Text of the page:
DHHS finds Guilford County foodstamps backlog bigger than thought, state at risk of not meeting federal deadline

UPDATE: Guilford County officials are reporting 8,100 backlogged food stamp applications before next week’s deadline.

Guilford County is sitting on an unknown number of pending applications for food stamps, a development North Carolina health officials say puts the state at risk of not meeting a March 31 federal deadline.

DHHS Sec. Aldona Wos

DHHS Sec. Aldona Wos

N.C. Health and Human Services Secretary Aldona Wos informed lawmakers about the problem in Guilford County at a health oversight committee hearing Wednesday morning about the state’s Medicaid budget. She said the news came just five days before a U.S. Department of Agriculture to clear the last of what was a massive backlog of people waiting for federally-funded food assistance.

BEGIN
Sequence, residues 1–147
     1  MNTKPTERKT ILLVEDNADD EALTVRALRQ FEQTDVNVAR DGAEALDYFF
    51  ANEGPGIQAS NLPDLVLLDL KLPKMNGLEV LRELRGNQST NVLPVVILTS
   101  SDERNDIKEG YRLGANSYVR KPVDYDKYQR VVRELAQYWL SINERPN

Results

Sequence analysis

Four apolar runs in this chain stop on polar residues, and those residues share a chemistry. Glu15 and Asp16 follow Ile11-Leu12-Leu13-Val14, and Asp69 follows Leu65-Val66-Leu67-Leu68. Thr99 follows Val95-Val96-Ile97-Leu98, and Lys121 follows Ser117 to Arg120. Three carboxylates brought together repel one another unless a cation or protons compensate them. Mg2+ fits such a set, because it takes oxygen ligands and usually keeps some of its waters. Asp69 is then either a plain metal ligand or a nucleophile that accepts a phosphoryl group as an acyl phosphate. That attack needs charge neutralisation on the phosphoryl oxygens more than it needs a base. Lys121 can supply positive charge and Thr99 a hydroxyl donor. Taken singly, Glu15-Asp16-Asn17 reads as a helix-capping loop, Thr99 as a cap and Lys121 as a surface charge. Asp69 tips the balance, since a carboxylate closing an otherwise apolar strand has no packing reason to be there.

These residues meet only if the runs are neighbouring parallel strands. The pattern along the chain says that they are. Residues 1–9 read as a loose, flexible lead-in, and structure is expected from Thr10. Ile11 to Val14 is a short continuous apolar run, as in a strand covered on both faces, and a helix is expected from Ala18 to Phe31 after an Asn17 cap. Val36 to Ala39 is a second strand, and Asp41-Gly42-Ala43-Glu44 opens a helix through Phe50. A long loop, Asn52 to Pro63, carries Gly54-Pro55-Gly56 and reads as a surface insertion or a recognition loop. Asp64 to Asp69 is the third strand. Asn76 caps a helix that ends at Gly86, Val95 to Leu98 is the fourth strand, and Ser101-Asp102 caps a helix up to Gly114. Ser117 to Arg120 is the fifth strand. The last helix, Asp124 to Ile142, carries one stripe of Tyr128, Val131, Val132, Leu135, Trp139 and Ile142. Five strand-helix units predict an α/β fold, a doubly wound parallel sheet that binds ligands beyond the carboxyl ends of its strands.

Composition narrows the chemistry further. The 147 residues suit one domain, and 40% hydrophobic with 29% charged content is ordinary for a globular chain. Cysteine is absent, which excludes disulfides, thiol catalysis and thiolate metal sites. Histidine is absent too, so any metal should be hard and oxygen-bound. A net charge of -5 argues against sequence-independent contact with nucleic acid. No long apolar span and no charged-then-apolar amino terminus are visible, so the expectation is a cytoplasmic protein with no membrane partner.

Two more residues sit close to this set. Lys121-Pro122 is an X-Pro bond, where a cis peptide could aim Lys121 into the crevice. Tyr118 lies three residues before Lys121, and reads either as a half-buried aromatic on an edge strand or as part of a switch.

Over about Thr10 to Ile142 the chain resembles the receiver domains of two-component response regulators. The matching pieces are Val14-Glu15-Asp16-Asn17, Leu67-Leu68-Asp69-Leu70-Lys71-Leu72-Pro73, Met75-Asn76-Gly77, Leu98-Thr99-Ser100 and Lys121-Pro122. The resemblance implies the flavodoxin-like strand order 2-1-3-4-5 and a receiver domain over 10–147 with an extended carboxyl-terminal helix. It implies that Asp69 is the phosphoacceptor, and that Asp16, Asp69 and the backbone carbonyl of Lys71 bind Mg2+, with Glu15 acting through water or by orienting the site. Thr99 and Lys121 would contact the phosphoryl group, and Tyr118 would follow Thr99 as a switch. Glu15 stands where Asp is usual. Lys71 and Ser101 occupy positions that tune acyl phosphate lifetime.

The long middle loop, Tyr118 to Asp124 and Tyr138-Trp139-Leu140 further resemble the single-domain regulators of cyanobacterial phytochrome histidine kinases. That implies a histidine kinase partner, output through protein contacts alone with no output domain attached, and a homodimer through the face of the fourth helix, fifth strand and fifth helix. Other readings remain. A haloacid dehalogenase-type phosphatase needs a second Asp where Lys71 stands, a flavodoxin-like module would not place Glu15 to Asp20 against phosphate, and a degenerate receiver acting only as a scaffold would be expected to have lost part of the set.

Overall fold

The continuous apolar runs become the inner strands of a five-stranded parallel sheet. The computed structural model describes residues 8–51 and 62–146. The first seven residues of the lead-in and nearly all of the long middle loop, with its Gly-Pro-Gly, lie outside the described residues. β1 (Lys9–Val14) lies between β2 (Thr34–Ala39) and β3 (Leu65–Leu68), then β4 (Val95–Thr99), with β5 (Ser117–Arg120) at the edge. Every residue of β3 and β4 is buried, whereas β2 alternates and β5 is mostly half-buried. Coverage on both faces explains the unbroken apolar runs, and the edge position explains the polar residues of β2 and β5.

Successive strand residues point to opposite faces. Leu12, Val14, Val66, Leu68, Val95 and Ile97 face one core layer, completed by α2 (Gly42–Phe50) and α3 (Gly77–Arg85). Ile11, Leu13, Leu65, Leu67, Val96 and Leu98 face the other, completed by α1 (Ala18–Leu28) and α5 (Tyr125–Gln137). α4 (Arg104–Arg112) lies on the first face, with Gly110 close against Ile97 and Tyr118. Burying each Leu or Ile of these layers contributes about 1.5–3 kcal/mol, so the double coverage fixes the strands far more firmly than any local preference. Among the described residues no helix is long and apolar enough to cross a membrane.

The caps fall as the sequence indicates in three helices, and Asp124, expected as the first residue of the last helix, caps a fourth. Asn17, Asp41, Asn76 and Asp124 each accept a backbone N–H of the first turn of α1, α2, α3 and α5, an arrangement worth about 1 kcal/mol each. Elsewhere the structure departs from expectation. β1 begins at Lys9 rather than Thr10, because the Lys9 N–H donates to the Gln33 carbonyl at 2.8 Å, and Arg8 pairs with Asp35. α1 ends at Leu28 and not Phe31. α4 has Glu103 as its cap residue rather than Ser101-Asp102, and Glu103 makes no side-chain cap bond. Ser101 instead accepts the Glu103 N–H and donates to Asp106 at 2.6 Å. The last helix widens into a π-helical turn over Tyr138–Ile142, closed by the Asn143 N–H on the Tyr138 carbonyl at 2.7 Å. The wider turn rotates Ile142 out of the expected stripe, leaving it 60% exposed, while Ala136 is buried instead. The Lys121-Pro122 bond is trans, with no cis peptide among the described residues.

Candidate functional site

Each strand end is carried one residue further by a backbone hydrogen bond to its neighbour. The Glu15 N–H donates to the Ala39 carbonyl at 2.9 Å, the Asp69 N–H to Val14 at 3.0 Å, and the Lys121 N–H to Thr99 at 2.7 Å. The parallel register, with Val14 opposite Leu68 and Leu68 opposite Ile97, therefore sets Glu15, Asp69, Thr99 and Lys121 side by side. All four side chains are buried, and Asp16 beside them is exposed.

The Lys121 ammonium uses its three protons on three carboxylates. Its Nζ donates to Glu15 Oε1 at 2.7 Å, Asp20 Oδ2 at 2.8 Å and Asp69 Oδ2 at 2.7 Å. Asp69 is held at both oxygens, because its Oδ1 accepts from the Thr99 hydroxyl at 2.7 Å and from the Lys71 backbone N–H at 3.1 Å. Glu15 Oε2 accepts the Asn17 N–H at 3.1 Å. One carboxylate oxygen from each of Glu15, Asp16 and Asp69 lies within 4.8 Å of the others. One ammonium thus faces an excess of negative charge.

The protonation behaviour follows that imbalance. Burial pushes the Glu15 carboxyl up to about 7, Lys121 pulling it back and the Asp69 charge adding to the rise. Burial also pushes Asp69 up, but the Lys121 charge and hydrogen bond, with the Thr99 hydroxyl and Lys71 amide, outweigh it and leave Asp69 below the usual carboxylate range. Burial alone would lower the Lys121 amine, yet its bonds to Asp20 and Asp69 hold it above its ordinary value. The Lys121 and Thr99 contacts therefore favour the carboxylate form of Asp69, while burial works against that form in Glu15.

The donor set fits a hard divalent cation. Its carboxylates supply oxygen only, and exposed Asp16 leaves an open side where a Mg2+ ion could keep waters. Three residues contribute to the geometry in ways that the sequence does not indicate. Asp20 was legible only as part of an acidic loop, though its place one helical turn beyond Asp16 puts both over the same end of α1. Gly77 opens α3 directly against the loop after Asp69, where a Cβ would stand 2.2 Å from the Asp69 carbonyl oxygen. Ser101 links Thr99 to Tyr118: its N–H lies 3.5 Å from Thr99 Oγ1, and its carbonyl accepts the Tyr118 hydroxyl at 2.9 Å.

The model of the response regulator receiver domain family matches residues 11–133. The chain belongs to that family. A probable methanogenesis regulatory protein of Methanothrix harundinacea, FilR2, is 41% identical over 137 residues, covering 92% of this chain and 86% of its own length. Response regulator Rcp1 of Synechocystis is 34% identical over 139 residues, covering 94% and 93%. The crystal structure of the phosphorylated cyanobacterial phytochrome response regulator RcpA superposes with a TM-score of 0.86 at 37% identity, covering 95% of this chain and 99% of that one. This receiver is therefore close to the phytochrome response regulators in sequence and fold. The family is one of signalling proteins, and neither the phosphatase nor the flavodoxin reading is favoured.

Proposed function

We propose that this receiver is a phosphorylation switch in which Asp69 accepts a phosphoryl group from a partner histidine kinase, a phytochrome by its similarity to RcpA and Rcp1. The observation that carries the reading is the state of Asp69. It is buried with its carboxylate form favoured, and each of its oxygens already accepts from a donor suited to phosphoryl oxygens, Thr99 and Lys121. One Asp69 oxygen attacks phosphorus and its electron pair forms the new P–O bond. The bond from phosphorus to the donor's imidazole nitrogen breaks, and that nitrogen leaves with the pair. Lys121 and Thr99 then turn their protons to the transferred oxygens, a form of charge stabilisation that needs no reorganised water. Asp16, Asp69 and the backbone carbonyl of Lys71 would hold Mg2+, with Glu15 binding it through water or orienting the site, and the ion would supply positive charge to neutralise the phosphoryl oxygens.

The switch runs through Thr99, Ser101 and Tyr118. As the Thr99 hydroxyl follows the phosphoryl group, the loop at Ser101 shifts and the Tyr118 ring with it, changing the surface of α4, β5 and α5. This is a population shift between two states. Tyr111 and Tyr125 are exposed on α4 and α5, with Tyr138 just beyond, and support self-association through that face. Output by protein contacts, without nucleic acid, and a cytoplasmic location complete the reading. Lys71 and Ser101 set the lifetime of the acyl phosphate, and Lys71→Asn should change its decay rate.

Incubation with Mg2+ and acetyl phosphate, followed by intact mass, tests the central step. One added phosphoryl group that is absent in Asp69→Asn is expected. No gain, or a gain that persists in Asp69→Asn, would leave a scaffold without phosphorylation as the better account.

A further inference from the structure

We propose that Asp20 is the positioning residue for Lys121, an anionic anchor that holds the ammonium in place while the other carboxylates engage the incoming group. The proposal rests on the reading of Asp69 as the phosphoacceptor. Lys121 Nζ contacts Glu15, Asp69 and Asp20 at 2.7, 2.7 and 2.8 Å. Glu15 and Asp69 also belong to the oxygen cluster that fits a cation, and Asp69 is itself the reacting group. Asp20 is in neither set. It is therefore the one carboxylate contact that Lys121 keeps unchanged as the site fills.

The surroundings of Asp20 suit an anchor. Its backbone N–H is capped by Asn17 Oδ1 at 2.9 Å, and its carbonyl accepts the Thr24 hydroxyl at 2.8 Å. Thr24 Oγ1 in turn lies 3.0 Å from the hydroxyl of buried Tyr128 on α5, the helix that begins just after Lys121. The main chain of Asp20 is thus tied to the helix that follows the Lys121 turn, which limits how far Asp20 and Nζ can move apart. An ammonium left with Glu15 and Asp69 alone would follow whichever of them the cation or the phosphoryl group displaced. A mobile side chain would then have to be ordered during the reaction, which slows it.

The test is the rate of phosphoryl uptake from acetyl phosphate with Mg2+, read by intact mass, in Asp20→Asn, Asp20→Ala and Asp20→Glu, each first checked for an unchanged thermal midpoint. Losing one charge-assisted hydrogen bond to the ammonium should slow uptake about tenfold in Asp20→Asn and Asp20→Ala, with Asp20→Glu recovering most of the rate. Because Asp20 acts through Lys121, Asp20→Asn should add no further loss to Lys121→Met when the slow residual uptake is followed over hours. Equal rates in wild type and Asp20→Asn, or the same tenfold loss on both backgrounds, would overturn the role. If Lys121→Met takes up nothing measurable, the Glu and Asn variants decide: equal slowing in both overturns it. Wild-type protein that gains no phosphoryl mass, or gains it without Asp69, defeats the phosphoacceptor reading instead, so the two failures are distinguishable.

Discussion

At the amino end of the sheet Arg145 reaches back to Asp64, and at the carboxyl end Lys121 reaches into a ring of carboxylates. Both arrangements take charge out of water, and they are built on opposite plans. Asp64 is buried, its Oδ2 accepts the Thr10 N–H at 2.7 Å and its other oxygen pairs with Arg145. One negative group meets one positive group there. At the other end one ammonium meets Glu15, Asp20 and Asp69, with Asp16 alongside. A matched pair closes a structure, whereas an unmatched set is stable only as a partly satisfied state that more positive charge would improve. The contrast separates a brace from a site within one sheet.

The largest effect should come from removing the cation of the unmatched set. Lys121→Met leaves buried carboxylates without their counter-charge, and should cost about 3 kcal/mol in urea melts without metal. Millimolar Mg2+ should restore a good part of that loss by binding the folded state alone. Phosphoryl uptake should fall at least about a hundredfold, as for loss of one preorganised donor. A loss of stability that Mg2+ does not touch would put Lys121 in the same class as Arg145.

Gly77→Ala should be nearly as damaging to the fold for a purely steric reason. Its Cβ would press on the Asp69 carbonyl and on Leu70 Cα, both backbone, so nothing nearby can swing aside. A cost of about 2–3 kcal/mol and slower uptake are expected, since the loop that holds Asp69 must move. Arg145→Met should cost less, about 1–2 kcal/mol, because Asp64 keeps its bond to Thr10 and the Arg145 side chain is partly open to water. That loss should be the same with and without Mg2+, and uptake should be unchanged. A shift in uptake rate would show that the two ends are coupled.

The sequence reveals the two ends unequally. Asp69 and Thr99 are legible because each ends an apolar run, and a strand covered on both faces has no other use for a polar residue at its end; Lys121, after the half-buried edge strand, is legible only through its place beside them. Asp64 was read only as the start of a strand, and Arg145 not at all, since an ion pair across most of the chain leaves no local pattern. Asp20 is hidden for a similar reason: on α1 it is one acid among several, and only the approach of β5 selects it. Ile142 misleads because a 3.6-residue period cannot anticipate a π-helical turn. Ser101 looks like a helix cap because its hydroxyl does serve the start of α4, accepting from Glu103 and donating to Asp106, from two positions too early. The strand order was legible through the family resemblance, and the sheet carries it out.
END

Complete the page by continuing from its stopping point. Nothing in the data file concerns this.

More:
“Guilford County may have a backlog that is more significant than previously reported”  Wos said, adding that she learned of the problem just minutes before the meeting. “We are concerned.”

Wos did not provide many details about the scope of the Guilford County issue, other than to say that it appeared that the county social services staff had not entered the information into the state’s benefits delivery system called N.C. FAST.

“This is not a problem with the NC FAST system,” Wos said.

She told lawmakers that state officials depend on counties to provide accurate information.

“We only know what the counties have entered and we are reliant on their accuracy,” Wos said.